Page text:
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JCAHO looking for hand hygiene compliance
Staff workers may be interviewed
ICPs be advised: Surveyors for the Joint Commission on Accreditation of Healthcare Organizations are asking health care workers whether they understand the new hand hygiene guidelines and are looking for signs of compliance.
"Compliance will be surveyed through interviews with caregiver staff and direct observation," the Joint Commission stated in information posted on its web site. "Caregivers should know what is expected of them with regard to hand hygiene and should practice it consistently. It is expected that noncompliance will be quite low, so that any pattern of noncompliance, i.e., more than a sporadic miss, will be scored as noncompliance."
As part of its 2004 patient safety goal to reduce nosocomial infections, the Joint Commission is looking for compliance with the hand hygiene guidelines by the Centers for Disease Control and Prevention (CDC). The CDC has abandoned its traditional emphasis on sinks and soaps in favor of new guidelines based on the European model of using alcohol-based hand rubs. As part of those guidelines, the CDC urges clinicians to monitor health care workers’ adherence with recommended hand hygiene practices and provide personnel with information regarding their performance. The Joint Commission posted the following answers to commonly asked questions to help ICPs comply with the measures and pass JCAHO inspections:
Q. Where can I find the current CDC hand hygiene guidelines?
A. The full report is available at www.cdc.gov/handhygiene/. The report is extremely detailed and well documented. The specific recommendations referred to in the patient safety are on pages 31 to 34 of the report.
Q. Does JCAHO require implementation of all the recommendations in the CDC hand hygiene guidelines?
A. Each of the CDC hand hygiene guidelines is categorized on the basis of the strength of evidence supporting the recommendation. All "category I" recommendations (including categories IA, IB, and IC) must be implemented. Category II recommendations should be considered for implementation but are not required for accreditation purposes.
Q. What do these categories mean?
A. Category IA recommendations are strongly supported by well-designed experimental, clinical, or epidemiological studies; category IB recommendations are supported by certain experimental, clinical, or epidemiological studies and a strong theoretical rationale; category IC recommendations are required by regulation; category II recommendations are supported by suggestive clinical or epidemiological studies or theoretical rationale. The CDC also includes among its recommendations several unresolved issues for which it makes no recommendation.
Q. The CDC guidelines say that health care personnel should not wear artificial nails and should keep natural nails less than ¼ inch long if they care for patients at high risk of acquiring infections (e.g. patients in intensive care units or in transplant units). Will JCAHO actually be requiring this?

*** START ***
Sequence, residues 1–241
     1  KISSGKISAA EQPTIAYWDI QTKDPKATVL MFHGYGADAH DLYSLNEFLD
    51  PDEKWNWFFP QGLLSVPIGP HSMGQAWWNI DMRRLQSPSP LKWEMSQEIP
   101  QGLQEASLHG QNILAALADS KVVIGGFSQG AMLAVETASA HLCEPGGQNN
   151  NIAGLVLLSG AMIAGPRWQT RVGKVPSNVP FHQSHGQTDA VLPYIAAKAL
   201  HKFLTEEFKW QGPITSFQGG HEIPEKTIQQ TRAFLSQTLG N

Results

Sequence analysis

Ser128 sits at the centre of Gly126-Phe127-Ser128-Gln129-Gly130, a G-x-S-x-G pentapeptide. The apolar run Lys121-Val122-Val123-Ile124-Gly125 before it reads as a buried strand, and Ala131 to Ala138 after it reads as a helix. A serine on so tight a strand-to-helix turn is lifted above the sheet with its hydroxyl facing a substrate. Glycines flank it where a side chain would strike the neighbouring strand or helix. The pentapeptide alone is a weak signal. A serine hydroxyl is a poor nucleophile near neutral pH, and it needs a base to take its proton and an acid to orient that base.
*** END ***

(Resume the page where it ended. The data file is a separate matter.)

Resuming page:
A. The artificial nails recommendation is a category IA recommendation, so it will be required for those individuals providing direct care to high-risk patients. However, the ¼ inch nail tips recommendation is category II, so should be considered for implementation but will not be required.
Q. Do we have to use alcohol-based hand cleaners?
A. Accredited organizations are required to provide health care workers with a readily accessible alcohol-based hand-rub product. However, use of an alcohol-based hand-rub cleaner by any individual health care worker is not required. The guidelines describe when this type of cleaner may be used instead of soap and water. If you choose not to use it, then soap and water should be used instead.
Q. Isn’t the alcohol-based hand sanitizing gel flammable? Should we be concerned about a fire hazard?
A. The typical alcohol gel and foam dispensers used in the health care setting are of such limited size and volume that their contribution to the hazard of acceleration of fire development or fire spread in most situations is small. In a recent survey of 800 facilities reporting a cumulative 1,430 years of hand-rub use, no fires attributable to or involving a hand-rub dispenser were reported. However, the 2000 edition of the National Fire Protection Association (NFPA) 101 Life Safety Code prohibits the installation of alcohol-based hand sanitizing gel dispensers in egress corridors. JCAHO recommends that organizations install these dispensers just inside each patient’s room (and whichever other rooms the organization deems necessary), or just outside the room if this is not an egress corridor. Studies have shown significantly better compliance when the dispensers are located just outside the room (when permissible) rather than just inside. Do not install them in egress corridors, above heat/ignition sources, electrical outlets, or light switches. Note that local or state fire code requirements may differ from the national codes, therefore, you should determine and follow the requirements for your particular locale.
Q. Where can I get more information about the fire safety issues?
A. A number of organizations including the National Association of State Fire Marshals, the American Society of Healthcare Engineering, and the Association for Professionals in Infection Control and Epidemiology have published interim guidance documents for the placement of dispensers and control of bulk storage of alcohol-based hand cleaners. These are subject to revision as more data become available.